The first part of our annual reflection focused on the field’s evolution and where we are now. This second part looks at how our understanding is deepening and future directions for building and strengthening the field of K-12 competency-based education.
How is our understanding deepening?
Seeing competency-based schools in action and hearing about their successes and challenges is deeply illuminating. There are a growing number of schools and districts to learn from about all stages of planning and implementation. Many of these are innovative, newer schools and districts, such as those shown in the image below from our annual strategic reflection webinar. Many more are featured in our summary of blog posts from visits to competency-based schools in 26 states.
An impressive array of new reports, books, and other publications have also emerged to deepen our understanding of competency-based education since 2010. New resources from the past two years are shown in the three figures below. If there are publications you think should be added, please email me or mention them in the Comments box below.
What are future directions for building and strengthening the K-12 CBE system?
Changes to federal and state policy are essential elements of creating space for building and strengthening competency-based education systems. The 2019 Federal Policy Priorities and State Policy Priorities provide analysis of recommended changes.
For federal leaders, the 2019 policy priorities are:
- Launch a pilot program in the reauthorization of the Higher Education Act to support innovation;
- Remove barriers for states in ESSA Section 1204 (Innovative Assessment Pilot);
- Support continued expansion of Internet access, Wi-Fi, and broadband infrastructure; and
- Target funding within the reauthorized Perkins Career and Technical Education Act to encourage alignment to postsecondary programs and pathways.
For states, the 2019 policy priorities are:
- Redefine student success to prepare all students for college, career, and civic life;
- Create meaningful qualifications based on mastery;
- Redesign accountability systems for continuous improvement;
- Build aligned, balanced systems of assessments to certify knowledge and skills;
- Develop educator capacity for next-generation learning;
- Build system and school leadership capacity for change; and
- Establish enabling state policies to create and launch innovative learning models and multiple pathways.
Top issues for strengthening practice that emerged as high priorities for the field are presented below. We identified and/or created resources for improving the depth of understanding and quality of competency-based education in each focus area.
- Designing for equity – Designing for Equity: Leveraging Competency-Based Education to Ensure All Students Succeed
- Building student agency – Maximizing Student Agency: Implementing and Measuring Student-Centered Learning Practices and What Do You Mean When You Say “Student Agency”?
- Developing broader definitions of student success – Utah’s Portrait of a Graduate
- Improving quality – Quality Principles for Competency-Based Education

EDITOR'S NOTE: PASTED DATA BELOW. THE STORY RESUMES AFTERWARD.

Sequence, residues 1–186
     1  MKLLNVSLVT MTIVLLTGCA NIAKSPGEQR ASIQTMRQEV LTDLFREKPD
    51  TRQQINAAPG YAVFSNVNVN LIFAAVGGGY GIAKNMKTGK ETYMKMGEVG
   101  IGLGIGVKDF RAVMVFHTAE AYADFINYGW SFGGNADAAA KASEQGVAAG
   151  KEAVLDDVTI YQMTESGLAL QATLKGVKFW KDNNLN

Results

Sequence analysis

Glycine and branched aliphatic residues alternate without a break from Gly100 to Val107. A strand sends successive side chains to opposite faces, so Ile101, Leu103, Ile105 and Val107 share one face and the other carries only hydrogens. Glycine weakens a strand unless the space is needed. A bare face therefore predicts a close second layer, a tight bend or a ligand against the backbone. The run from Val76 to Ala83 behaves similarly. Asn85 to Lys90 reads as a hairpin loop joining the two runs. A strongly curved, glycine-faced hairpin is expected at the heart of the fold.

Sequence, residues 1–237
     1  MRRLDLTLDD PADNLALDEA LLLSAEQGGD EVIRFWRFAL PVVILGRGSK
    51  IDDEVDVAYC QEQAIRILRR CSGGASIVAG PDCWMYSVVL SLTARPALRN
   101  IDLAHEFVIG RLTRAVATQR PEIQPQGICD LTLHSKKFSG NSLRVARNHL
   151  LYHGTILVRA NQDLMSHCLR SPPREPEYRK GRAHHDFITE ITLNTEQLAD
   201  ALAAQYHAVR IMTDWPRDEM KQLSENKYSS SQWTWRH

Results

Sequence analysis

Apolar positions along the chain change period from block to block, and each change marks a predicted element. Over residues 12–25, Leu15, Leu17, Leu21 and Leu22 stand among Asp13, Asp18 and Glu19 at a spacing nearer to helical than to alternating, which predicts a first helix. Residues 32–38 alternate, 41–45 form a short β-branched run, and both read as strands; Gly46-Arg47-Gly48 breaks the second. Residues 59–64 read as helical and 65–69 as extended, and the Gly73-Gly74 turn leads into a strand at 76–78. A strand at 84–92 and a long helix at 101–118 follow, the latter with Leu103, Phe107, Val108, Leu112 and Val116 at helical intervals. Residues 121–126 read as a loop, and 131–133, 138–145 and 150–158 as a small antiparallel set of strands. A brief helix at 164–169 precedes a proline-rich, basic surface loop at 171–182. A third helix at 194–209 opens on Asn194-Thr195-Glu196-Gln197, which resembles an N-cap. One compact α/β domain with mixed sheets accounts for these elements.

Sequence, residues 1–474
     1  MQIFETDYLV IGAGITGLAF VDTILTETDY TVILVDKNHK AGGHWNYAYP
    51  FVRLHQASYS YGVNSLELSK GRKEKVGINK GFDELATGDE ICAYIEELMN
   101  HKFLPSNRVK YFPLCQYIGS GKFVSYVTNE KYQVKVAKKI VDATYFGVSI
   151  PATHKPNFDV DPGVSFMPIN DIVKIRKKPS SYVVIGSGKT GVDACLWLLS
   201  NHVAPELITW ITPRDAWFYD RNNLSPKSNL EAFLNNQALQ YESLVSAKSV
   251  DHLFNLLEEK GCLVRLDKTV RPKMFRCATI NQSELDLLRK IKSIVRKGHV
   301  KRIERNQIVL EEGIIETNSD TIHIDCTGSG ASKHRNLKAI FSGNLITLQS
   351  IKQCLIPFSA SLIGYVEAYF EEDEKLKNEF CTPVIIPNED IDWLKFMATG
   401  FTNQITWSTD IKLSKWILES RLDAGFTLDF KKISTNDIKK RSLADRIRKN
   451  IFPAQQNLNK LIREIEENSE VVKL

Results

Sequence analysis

- Strengthening school culture – EL Education’s Core Practices
- Promoting skills and dispositions – From a Nation at Risk to a Nation at Hope
- Changing schedules and structures – Reimagining Time in School for All Students
- Building professional learning – Moving Toward Mastery: Growing, Developing, and Sustaining Educators for Competency-Based Education
- Developing an explicit theory of change – Levers and Logic Models: A Framework to Guide Research and Design of High-Quality Competency-Based Education Systems
A final step in the strategic reflection was looking at key challenging and emerging issues in the field that require additional research to strengthen competency-based education systems. The quality and quantity of research has been growing, but the field is still in great need of high-quality research on many aspects of implementation and effectiveness. Some of these key areas are:
- What strategies are most effective for increasing diversity of the workforce and leaders in the field of competency-based education?
- What does student agency look like in practice? What strategies and structures do teachers and schools need to promote student agency?
- How can competency-based education be scaled most effectively?
- What strategies will build public understanding and public will to support school and district policy development?
- How can schools and districts prepare for proficiency-based diplomas?
- How can the critical elements of balanced systems of assessments be constructed?
- How can technology best support competency-based education?
- What are pathways to higher education admissions that consider a student’s body of evidence from competency-based pathways?
- What would a college of education look like redesigned for competency-based education?
- What strategies will build a competency-based education field that spans K-12, higher education, and the workforce?
What’s clear from the strategic reflection is that the field is growing rapidly and building a tremendous body of experience and resources to support further development. It’s also clear that substantial advances in policy, practice, and research are needed to reach the full potential of K-12 competency-based education systems.
- Reflecting on the Field of Competency-Based Education: Where We Started and Where We Are Now
- A Strategic Reflection on the Field of Competency-Based Education (Webinar and Slides)
- In Reflection: The Challenges and Opportunities Before Us
Eliot Levine is the Aurora Institute’s Research Director and leads CompetencyWorks.